As it celebrated its 75th anniversary, the Oak Bay Fire Department also honoured some of its longtime firefighters and one who died in the line of duty.
Assistant Fire Chief Fred Briggs had just returned from a call when he collapsed at the fire hall from a heart attack. His fellow firefighters attempted to resuscitate him but Briggs died.
That was Nov. 13, 1969. Forty-three years later, his three daughters shed tears again as their dad was honoured by the department he loved.
Fire Chief Gerry Adam said Briggs, “was one of the most respected men. A guy who never had a bad word about anybody.”
Briggs, an avid golfer, likely died happy his family says, as he got a hole-in-one on the Uplands Golf course on the morning he died.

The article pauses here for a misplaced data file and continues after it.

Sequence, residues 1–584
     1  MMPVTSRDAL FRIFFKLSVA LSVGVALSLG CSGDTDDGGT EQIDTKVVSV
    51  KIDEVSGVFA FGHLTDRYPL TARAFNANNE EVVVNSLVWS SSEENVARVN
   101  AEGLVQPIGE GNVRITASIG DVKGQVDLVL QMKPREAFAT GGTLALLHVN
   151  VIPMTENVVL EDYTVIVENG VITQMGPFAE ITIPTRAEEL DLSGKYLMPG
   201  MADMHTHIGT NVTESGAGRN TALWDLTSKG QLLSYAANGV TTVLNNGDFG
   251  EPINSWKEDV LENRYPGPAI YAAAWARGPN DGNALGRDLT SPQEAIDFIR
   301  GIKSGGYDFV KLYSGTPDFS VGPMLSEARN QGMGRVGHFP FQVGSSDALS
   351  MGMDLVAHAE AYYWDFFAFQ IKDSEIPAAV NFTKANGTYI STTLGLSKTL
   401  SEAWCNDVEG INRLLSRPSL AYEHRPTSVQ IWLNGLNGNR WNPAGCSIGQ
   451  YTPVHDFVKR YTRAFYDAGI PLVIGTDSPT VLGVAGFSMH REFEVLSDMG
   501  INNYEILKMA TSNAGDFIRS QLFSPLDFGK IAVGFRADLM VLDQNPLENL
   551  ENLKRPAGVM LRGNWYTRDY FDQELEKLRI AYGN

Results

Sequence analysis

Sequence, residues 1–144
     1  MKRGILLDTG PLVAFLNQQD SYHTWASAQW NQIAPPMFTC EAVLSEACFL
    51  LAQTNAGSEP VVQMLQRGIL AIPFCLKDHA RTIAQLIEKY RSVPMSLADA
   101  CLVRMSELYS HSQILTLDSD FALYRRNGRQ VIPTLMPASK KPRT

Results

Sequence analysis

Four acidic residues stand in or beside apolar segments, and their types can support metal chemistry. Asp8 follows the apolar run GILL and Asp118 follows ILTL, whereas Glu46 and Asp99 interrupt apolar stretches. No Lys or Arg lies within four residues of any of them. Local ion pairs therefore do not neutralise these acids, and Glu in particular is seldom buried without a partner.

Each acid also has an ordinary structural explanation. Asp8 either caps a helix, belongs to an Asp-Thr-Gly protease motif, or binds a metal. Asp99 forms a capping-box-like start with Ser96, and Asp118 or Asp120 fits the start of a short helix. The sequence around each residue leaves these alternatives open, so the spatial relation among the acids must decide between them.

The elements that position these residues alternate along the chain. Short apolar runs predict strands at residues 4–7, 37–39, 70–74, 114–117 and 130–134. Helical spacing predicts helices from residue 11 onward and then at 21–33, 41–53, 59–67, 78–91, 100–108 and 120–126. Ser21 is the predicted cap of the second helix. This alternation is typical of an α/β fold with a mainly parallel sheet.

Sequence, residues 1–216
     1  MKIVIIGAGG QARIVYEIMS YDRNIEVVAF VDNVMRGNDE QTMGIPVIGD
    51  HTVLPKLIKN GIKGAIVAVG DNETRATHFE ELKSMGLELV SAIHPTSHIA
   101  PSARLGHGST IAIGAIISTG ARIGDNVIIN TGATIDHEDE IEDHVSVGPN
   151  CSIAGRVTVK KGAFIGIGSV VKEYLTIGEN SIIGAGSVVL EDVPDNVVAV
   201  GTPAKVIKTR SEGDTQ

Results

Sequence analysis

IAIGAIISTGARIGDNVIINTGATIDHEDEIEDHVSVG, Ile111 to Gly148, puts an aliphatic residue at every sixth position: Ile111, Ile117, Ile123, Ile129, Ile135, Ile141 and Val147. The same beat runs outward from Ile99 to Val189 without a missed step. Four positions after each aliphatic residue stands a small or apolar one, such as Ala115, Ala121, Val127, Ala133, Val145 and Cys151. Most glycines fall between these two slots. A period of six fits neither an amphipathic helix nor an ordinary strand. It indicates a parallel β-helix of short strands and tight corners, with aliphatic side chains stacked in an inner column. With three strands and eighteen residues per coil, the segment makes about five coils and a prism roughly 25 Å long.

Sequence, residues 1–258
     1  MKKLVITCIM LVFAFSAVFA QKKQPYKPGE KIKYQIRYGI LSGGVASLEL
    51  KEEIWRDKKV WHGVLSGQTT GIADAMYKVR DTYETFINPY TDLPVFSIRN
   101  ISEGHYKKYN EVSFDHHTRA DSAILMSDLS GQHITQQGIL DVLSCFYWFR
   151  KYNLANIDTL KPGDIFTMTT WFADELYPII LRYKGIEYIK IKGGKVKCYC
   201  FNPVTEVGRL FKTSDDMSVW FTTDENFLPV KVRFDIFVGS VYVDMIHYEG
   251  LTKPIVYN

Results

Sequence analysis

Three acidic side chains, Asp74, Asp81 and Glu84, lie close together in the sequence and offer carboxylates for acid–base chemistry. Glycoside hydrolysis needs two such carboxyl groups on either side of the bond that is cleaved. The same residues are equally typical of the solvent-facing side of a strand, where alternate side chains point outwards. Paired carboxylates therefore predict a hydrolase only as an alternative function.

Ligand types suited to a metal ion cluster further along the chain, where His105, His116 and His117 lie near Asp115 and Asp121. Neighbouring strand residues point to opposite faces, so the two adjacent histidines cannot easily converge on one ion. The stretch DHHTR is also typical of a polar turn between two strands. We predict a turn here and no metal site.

“I’ve only met two people in my life that you could say were men’s men,” said former firefighter Glen Robbins. “He was one of them.”
Robbins worked with Briggs when he was just a rookie. He looked up to the older man. “He was a giant of a man. Very quiet. At the time, I was a young buck and he took me (under his wing) and treated me like a son.”
Briggs death was not considered to be in the line of duty at the time. A change in attitude towards health risks taken by firefighters precipitated the ceremony.
The Oak Bay Fire Department dedicated an oak tree at the fire hall in his memory, to recognize his contributions and his service to the department.
Briggs’ name has also been added to the firefighter memorial at the rear of the B.C. Legislature.
During the ceremony, five Oak Bay firefighters were also honoured for their contributions to the department. Deputy Chief David Cockle, Assistant Chief Colin Mantik, Assistant Chief Cameron Thomson, Captain Ken Gill and Fire Inspector Robert Kivell were all given long service medals.
Go to the Oak Bay News’ Facebook page to see photos of the ceremony.